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NZ Management Capability Climbs

Press Release
November 10, 2004

NZ Management Capability Climbs


New Zealand managers are steadily ratcheting their way up the New Zealand Institute of Management’s Management Capability Index (MCI).

The just-released 2004 MCI results show New Zealand managers and their organisations are performing at 65-70 percent of their potential – that’s a year-on-year increase of nearly four percent and represents an across-the-board rise in nine separate performance categories.

Those categories showing the highest increases are results and comparative performance (+5.15 percent), financial management (+4.22 percent), people leadership (+4.16 percent), and visionary and strategic leadership (+3.86 percent). The smallest lifts were registered in external relationships (+1.66 percent), performance leadership (+2.28 percent) and innovation in products and services (+2.66 percent).

The two other categories are organisation capability and application of technology and knowledge. The nine categories are given different weightings – 30 percent going to results and comparative performance, 15 percent to visionary and strategic leadership, 10 percent each to performance leadership, people leadership, financial management and innovation and five percent to each of the rest.

Measuring the capability of leadership in practice is a recent initiative of the NZIM and in his analysis of the second set of results, index author and NZIM national director Doug Matheson notes that improved business performance has been the main influence on lifting the index.

“The MCI has benefited from the current external environment. While the financial management, people leadership and visionary/strategic leadership [categories] have lifted about four percent this year, the real test of capability will be when the external environment gets more difficult,” he says.

“Can the leadership and management still deliver high levels of performance? That’s exactly what leadership and management capability is about.”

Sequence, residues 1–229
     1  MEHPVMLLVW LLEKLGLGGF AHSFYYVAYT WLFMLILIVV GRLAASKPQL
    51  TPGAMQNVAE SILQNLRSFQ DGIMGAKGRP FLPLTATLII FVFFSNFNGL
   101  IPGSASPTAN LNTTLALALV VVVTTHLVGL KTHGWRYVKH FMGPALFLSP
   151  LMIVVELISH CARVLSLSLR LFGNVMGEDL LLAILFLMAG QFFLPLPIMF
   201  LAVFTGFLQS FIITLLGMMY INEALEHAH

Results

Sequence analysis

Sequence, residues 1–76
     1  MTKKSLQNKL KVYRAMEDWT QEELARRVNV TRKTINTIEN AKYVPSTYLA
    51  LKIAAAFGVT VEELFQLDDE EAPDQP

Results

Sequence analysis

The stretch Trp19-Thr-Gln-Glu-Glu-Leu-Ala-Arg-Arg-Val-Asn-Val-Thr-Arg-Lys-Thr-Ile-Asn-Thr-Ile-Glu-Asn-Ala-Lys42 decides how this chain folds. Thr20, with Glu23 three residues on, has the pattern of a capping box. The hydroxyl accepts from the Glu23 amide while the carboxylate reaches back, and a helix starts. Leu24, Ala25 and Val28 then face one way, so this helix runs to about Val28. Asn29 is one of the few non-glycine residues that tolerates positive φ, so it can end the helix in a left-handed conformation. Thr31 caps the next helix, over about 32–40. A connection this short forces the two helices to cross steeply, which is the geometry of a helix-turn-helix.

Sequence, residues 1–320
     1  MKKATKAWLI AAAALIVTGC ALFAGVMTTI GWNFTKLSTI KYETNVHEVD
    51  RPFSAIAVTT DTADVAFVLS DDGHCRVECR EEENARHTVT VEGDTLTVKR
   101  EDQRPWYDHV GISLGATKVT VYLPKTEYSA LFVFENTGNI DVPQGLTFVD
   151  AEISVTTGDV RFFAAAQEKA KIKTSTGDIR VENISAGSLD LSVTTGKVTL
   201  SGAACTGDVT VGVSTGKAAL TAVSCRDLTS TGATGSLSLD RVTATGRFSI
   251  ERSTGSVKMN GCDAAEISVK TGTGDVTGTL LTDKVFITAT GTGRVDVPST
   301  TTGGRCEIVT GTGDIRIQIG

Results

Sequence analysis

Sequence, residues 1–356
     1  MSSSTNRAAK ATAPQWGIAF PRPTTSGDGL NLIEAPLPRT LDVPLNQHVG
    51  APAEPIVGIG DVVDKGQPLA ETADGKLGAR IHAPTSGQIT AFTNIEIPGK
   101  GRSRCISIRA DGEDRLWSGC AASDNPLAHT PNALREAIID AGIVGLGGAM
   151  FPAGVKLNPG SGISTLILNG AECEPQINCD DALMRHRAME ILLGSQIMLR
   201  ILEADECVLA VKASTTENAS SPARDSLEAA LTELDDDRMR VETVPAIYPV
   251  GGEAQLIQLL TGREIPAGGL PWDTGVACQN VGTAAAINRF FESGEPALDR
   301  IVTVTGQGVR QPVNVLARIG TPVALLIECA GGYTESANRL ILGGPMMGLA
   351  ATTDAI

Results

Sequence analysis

In terms of those categories that are lagging slightly, Matheson says it could be an issue when times get tougher. “The relatively small lift in performance management and innovation in products and services would suggest that leaders need to increase their focus on this if business performance is to be sustained in more difficult times,” he adds.

“However, there is an across-the-board improvement in management capability, so we are moving in the right direction.”

This year saw small to medium enterprises (SMEs) included in the survey for the first time. Their ability to lift management standards is tied to the lift in SME performance that the Government is currently focusing on, says Matheson.
“So it’s useful to compare the SME management capability results against the main control group in New Zealand’s Top 1000 companies.”

Perhaps not surprisingly, they average out 4.91 percent lower with the lag showing up most in the categories of people leadership (-9.75 percent), visionary/strategic leadership (-8.7 percent), financial management (-7.57 percent), organisation capability (-7.47 percent) and performance leadership (-5.06 percent).

In other areas – such as innovation, application of technology/knowledge, results and external relationships, they’re a lot closer to their larger – and better-resourced counterparts.

The MCI Index is based on self-evaluation – CEOs and general managers rate their own practice and performance against criteria statements describing the highest standards of leadership/management capability in an organisation. Respondents score the current position in their own organisation out of 100 percent.

This data is converted into an index which provides a useful indicator of how capable or inadequate one CEO, organisation, group, sector or even country is against the criteria – which allows performance levels to be benchmarked across sectors or across countries.

The importance of measuring capability is that it shows how management skills play out in practice, says Matheson. “Management capability is the ability to deliver performance by applying your competencies in the environment you face with the resources you have.”

A full description of the categories and 2004 scoring can be found on www.leadershipsummit.co.nz.

TABLE

Overall results of NZIM MCI
Categories (in 2004 ranking order) 2003 2004

Financial management 74.42 78.64
External relationships 72.79 74.45
Performance leadership 69.11 71.39
Application of technology/knowledge 67.15 70.50
Visionary and strategic leadership 65.27 69.13
People leadership 64.94 69.10
Results/comparative performance 63.75 68.90
Innovation: products/services 63.69 66.35
Organisation capability 62.63 66.07
NZIM Capability Index 66.23 70.13

ENDS

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